Justin Trudeau Gives $595 Million Tax Relief to ‘Eligible’ Media

In this week’s Delingpole podcast, James and his brother Dick - a self-described “libertarian” and “occasional historical French soldier” - discuss “soul healing” after giving up Twitter for Lent, the absurdity of the Nazi Pug trial, and the unfortunate emasculation of Canada under “President Bieber”.
AP Photo/Martin Mejia

Canadian Prime Minister Justin Trudeau’s government will extend $595 million in tax relief over a five-year period to news media outlets it defines as “eligible,” according to the Toronto Star.

The tax relief will include tax breaks for consumers who purchase subscriptions from news media outlets, refundable tax credits for news media outlets’ operational costs, and the extension of charitable status to non-profit news media organizations; registered charities with the Canada Revenue Agency (CRA) can issue charitable receipts to donors and benefactors for donations.

Eligibility will be determined by the government and government-established panels. Details regarding such determinations were not provided.

Canada’s Finance Minister Bill Morneau said, “We’ve made some investments to ensure that we continue that we have an important free press to ensure that we have a strong and healthy democracy. … To protect the vital role that independent news media play in our democracy and in our communities, we will be introducing measures to help support journalism in Canada.”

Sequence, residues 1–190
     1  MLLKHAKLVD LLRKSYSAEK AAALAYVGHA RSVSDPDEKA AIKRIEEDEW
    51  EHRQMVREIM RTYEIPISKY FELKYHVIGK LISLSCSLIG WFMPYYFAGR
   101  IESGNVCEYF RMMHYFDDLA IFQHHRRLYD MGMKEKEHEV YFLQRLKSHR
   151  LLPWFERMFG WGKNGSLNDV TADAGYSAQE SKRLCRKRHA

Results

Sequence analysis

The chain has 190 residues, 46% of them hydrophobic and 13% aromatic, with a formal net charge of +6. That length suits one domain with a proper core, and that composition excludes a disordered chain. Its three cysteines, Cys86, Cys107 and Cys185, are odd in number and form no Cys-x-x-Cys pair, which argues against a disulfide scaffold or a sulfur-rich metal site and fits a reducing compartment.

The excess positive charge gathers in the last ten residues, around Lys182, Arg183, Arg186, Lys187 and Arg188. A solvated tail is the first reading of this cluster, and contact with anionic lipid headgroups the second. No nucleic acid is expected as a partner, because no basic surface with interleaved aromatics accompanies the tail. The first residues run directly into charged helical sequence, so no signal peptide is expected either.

The Canadian government offered the following details of its proposal:

  • A temporary, non-refundable 15 per cent tax credit for qualifying subscribers of eligible digital news media, meant to help support digital news organizations in achieving a “more financially sustainable business model.”
  • A new category of “qualified donee” for non-profit journalism organizations. This will allow these organizations to issue receipts for donations from both individuals and corporations. And it will open the door for foundations to provide financial support. This measure builds on a pledge in the 2018 budget to explore new models to enable private giving and philanthropic support for journalism.
  • A refundable tax credit for qualifying news organizations that “produce a wide variety of news and information of interest to Canadians. The tax credit will apply to the labour costs associated with producing original content and will be open to both non-profit and for-profit news organizations. The measure will allow outlets to claim a portion of their labour costs. An independent panel drawn from the news industry will be established to define eligibility of the measure, which will take effect Jan. 1, 2019.

Various political and news media figures described the measure as corrupt.

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